History Stack Exchange is a question and answer site for historians and history buffs. It's 100% free, no registration required.

Sign up
Here's how it works:
  1. Anybody can ask a question
  2. Anybody can answer
  3. The best answers are voted up and rise to the top

I remember learning in elementary school that at some point in their history, the Greeks were building hollow columns to support their building, because they thought that hollow columns would provide more strength, just like wheat is hollow on the inside and very strong. Is this really true? Thanks.

share|improve this question
Every broken column I've seen was solid. Hollow columns wouldn't make much sense, their only benefit would be if the columns were expected to buckle. – Yannis Jun 22 '13 at 8:35
What do you mean by buckle? – Ovi Jun 22 '13 at 8:37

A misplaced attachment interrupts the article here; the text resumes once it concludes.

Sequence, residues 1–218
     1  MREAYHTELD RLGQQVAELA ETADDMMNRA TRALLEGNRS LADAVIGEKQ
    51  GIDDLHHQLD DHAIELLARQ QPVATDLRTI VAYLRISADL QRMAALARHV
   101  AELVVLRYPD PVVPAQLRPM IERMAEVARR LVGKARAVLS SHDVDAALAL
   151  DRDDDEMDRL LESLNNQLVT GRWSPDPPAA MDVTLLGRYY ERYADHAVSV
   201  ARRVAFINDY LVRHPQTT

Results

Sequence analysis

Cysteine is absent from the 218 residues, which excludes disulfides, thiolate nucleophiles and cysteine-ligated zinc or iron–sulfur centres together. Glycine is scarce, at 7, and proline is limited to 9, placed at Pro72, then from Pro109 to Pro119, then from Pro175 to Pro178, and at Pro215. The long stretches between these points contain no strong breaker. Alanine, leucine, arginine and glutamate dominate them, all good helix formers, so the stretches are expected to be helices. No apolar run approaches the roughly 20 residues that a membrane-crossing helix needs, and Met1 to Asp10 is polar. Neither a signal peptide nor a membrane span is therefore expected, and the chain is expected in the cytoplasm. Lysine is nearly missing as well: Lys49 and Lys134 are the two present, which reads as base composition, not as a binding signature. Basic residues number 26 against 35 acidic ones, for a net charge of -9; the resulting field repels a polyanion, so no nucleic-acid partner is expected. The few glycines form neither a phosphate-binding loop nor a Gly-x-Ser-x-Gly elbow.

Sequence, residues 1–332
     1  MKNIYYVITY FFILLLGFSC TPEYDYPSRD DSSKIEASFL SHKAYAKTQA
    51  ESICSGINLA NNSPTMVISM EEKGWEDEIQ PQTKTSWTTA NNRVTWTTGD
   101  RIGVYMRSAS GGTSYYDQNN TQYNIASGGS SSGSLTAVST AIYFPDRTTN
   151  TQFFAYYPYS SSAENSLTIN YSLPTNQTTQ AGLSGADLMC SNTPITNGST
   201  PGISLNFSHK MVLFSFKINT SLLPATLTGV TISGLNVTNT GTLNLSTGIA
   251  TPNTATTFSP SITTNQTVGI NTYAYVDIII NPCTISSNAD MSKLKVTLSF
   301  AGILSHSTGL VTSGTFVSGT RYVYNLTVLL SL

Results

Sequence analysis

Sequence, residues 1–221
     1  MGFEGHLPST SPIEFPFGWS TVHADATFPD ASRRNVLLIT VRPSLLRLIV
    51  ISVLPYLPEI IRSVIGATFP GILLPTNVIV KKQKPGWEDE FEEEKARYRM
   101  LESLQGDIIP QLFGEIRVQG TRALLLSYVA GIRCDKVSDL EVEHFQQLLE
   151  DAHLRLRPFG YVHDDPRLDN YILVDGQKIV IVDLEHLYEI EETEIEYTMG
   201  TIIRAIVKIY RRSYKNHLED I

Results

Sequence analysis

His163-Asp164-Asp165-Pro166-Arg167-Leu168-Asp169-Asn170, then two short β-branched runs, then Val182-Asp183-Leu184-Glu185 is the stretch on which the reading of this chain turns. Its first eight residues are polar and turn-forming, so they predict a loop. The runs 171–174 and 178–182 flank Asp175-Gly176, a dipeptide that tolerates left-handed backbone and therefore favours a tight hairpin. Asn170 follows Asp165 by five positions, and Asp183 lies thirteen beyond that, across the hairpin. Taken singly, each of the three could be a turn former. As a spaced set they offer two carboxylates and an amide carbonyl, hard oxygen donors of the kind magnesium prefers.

Bend, curve, bulge. – Yannis Jun 22 '13 at 8:40
@ovi - buckling is a technical term for how tubes fail under compression. ie. what happens when you squash a beer can – none Aug 30 '13 at 0:44
up vote 5 down vote accepted

Here's a picture of the fallen columns at Olympia:

enter image description here

Here's one from Ephesus: enter image description here

Those puppies look pretty solid to me.

share|improve this answer
Note that all (or most) of them have a hole through the center, which could be the source of the confusion. – American Luke Jun 22 '13 at 18:48
@Luke That hole is only a few cm deep, it doesn't go all the way through. It's where the glue that kept the pieces together went, the first picture shows this a lot better than I could explain it (the pieces in the middle aren't broken per se, they just aren't glued to each other any more). – Yannis Jun 22 '13 at 21:26
@YannisRizos not glue, pen and hole construction. A wooden or metal pin was driven into one hole, then used as a guide to align the next segment. Gravity was the main force preventing the things from collapsing. – jwenting Jun 24 '13 at 5:26
@jwenting That's true, "glue" was a very poor word choice there. – Yannis Jun 24 '13 at 5:29

Your Answer


By posting your answer, you agree to the privacy policy and terms of service.

Not the answer you're looking for? Browse other questions tagged or ask your own question.